Monday, October 14, 2013

Romance for a Reason

Hey there, folks! Today we are lucky enough have Lauren Grimley visiting with us again. She's winding her way through her Romance for a Reason tour and today we get to read what she has to say on list item number five. Enjoy!

Top ten things more fictional (and real-life) females ought to do:

5. Embrace their sexuality.
6. Champion their femininity.
7. Appreciate chivalry.
8. Celebrate girl power.
9. Eliminate cattiness.
10. Cry a little & laugh a lot.

I am surrounded by real-life women warriors fighting life’s toughest battles, something that’s become even more evident as I’ve talked with people about my recent project: Romance for a Reason. Yet, as a reader and writer of romance (among other genres), I find few admirable fictional female warriors. So I decided to explore the issue, making a plea to writers and readers to demand more of their fictional heroines and explaining my reasons in posts throughout the month. Today, thanks to Kelly, I’m talking about number five on my top ten list. (See the calendar on the Romance for a Reason page for dates and links to the other posts.)

Where Romance Has it Right

Of all the requirements I came up with for kick-butt heroines, embracing sexuality is one area that most romance writers get right already. So why mention it? Because society still gets it wrong, sometimes infuriatingly wrong! And writers and their readers need a reminder that there are those of us out there who appreciate an honest look at women as lovers.

A little over a year ago, in the height of the Fifty Shades madness, I gave in to the hoopla and read all three books. Even as an amateur author myself, I agreed with the literary critics that they weren’t the most well-written works I’d read recently. I also agreed with the fandom, though, that they were a fun and interesting summer read. Ana fails to meet most of my requirements for strong females, particularly in the first book or so. Since it was a trilogy and based off the same basic plot as the Twilight series, I wasn’t bothered by that, knowing that her sexual awakening was just around the corner and would bring with it a stronger, more self-aware heroine. It did. The trilogy ended with a young woman who wasn’t afraid to admit she liked it a little kinky between the covers and who finally saw herself as an equal to her partner.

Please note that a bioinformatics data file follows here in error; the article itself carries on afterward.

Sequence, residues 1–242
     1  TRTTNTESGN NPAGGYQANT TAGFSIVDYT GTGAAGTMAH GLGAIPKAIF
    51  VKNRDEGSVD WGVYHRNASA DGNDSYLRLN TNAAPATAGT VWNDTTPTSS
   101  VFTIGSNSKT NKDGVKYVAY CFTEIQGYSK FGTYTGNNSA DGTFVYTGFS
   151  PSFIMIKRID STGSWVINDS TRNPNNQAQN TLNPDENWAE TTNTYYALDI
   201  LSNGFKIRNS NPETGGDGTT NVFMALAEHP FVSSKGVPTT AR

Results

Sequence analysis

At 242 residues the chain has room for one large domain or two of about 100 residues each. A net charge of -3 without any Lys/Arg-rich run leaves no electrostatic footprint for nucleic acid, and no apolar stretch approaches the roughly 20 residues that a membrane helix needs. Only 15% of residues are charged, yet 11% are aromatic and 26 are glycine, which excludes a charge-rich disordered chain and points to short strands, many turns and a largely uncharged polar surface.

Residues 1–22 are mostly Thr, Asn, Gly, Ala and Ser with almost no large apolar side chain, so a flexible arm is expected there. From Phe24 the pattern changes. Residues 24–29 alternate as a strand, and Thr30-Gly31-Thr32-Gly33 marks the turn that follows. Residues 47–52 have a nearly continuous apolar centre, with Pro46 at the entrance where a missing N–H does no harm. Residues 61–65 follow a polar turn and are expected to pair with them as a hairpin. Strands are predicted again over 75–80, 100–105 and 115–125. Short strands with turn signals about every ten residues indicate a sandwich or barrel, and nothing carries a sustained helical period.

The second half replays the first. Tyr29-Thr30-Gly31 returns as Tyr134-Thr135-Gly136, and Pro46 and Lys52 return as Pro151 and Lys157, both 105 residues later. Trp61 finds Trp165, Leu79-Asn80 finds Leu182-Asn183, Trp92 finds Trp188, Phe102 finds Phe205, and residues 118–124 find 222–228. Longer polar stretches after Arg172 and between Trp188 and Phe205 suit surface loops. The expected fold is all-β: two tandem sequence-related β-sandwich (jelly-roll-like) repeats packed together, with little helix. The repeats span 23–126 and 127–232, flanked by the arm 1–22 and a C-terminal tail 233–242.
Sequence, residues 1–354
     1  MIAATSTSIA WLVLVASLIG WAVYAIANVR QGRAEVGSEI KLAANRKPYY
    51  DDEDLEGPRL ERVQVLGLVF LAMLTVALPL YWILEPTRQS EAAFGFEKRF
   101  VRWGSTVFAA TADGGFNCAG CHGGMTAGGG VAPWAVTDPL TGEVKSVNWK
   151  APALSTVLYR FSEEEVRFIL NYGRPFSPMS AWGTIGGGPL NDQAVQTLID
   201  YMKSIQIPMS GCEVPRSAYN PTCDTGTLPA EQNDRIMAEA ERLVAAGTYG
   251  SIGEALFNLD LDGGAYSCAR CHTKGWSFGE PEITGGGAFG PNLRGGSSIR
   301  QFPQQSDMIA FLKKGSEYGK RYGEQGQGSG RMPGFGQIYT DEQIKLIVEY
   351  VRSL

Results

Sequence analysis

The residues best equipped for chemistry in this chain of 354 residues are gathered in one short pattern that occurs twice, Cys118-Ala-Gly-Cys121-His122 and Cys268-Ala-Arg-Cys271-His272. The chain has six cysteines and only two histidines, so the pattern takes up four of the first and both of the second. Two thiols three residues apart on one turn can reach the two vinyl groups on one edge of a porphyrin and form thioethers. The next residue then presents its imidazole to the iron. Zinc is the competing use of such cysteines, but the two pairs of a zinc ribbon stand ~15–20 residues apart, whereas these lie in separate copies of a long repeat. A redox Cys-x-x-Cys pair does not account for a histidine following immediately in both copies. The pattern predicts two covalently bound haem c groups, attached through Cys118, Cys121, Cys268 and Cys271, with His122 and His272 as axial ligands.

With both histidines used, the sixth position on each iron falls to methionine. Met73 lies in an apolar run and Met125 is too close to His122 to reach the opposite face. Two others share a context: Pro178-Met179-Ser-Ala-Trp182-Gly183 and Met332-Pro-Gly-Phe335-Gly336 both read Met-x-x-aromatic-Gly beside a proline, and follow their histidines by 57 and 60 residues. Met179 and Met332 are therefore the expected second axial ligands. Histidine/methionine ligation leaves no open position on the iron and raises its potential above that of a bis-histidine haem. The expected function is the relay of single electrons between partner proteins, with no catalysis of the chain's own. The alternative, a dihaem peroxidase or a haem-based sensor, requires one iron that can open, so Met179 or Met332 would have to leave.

Enter Pastor Douglas Wilson, and his blog post “Fifty Shades of Prey,” in which he basically implies that women who willingly engage in certain types of sex are asking to become victims. I won’t repeat my complete irate rebuttal (you can read my reply to the good Pastor here), but let’s just say things got ugly.

Clearly this was an extreme example of someone who can’t accept females embracing their own sexuality, but society is full of less extreme examples. Single men who have healthy love lives, for instance, are studs. Single women with the same are called by another five-letter s-word. It seems only in romantic fiction, which unlike society and the media, tends to be ruled by female writers, readers, and first person narrators, is it okay for a woman to enjoy love making as much as her male counterparts. (Charlaine Harris’s Sookie Stackhouse with her variety of lovers—not just in number, but also in species—and her honest comments about her sexual appetite is probably my favorite example of this.)

So how do we change society’s double standard? By pointing it out whenever we see it. I’m not sure Miley Cyrus got it right, but I seriously wonder if anyone would have cared if some male artist rubbed himself all over a half-dressed dancer—which, from what I remember of MTV, is pretty much what happens in nearly every rap video ever made. Her twerking, like E.L. James’s writing, got everyone talking. Now we just need to turn the topic of conversation to the real issues: women, like men, have desires. It ought to be perfectly acceptable for females in real-life, like in our fiction, to embrace these desires...Although perhaps we can all agree to keep it off prime time!

unbridled cover.JPGThe Romance:
Unbridled: A collection of short stories from the Alex Crocker series
By Lauren Grimley

“Think Law and Order SUV meets The Breakfast Club” was Ellie’s trite explanation of what Alex had been dragged into. Add a few fangs, Fifty Shades of Oversharing, and a dash of Dr. Phil, and she was in for quite a Thursday night.